In the pantheon of monsters, vampires and werewolves are two of the best known, however when it comes to hunting them, werewolves are much harder to find, making them perhaps more dangerous. They can blend into humanity and are not restricted to moving about after nightfall; more importantly, they are not dead. Outside of the time when they are in the power of the full moon they can live among other human beings.
The bane of vampires, such as sunlight, mirrors and crucifixes have no effect on werewolves. Some could even hide in plain sight as a member of clergy. Remember the movie based on Stephen King’s novelette, Silver Bullet?
In 1935, Werewolf of London, a horror story was released by Universal Pictures as Hollywood’s first mainstream werewolf movie. Jack Pierce who did the make-up for the film would go onto use his techniques six years later on Lon Chaney Jr. In the film the monster’s only weakness is a rare plant from Tibet. In the story Dr. Yogami, played by Warner Oland warns the main character, “The werewolf seeks to kill that which it loves best.”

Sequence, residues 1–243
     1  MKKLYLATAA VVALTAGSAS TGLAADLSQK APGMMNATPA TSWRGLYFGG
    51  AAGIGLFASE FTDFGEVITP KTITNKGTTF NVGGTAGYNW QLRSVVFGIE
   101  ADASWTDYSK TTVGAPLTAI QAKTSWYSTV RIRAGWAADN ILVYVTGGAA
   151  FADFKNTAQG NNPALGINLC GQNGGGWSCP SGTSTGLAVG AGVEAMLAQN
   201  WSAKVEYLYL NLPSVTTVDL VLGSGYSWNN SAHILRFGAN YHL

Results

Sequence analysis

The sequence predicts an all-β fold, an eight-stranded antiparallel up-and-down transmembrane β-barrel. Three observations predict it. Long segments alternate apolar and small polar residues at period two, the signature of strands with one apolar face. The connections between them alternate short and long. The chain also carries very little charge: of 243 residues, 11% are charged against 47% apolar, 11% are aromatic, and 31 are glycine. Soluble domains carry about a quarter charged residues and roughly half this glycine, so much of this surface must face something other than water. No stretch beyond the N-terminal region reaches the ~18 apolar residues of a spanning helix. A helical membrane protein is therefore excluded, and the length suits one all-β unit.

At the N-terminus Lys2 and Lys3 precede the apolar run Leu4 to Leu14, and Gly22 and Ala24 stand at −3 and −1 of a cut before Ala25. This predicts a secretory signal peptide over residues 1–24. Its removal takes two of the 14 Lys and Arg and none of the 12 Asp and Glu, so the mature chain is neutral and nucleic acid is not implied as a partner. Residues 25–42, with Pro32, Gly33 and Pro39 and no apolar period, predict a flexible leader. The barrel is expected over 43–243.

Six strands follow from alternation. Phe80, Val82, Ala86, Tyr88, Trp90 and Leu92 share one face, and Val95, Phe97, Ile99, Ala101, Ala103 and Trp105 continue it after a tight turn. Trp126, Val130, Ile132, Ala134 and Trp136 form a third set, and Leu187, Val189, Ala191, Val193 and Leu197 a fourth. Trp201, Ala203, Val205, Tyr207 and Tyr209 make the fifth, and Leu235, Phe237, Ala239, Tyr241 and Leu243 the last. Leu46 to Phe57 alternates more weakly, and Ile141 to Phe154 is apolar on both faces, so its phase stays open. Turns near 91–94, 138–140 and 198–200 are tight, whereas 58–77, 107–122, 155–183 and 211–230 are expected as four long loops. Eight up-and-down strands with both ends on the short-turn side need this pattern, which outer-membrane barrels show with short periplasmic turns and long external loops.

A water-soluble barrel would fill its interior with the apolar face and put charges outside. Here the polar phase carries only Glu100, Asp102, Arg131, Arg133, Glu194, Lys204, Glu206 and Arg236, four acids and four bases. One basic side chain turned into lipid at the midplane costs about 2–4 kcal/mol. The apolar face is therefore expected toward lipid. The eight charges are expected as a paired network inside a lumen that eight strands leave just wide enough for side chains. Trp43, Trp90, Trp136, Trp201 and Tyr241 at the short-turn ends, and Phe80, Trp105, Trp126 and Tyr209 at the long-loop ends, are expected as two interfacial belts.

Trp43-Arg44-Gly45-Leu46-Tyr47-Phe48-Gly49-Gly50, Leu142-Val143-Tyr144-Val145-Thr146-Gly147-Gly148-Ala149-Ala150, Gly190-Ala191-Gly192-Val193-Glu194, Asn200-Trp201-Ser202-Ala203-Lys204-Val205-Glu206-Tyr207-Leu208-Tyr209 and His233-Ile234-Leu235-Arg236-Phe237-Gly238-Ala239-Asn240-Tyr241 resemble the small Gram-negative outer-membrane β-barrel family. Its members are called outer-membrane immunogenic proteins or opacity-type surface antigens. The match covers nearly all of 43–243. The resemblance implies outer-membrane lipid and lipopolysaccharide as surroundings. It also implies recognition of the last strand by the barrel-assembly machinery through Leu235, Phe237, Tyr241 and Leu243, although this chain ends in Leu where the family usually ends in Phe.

It was the 1941 film The Wolf Man starring Lon Chaney Jr., where once again a good man is cursed by an encounter with a werewolf, however even when he’s transformed he is still mostly human. He can only be killed with silver and at the hands of someone who loves him.
In this film, many of the modern precepts concerning werewolves were created. The main ones are: you become one after being attacked by a werewolf, at the next full moon you are cursed to become a werewolf, as part of the transformation you forgo all compassion towards other persons, you lose the power of speech and if you’re killed as a werewolf you return to your normal appearance when you die.
The werewolf’s weaknesses are wolfbane, garlic and silver, which was the only way to kill one. The old gypsy poem, “Even a man who is pure in heart and says his prayers by night, may become a wolf when the wolfbane blooms and the autumn moon is bright.”, was made up for the film.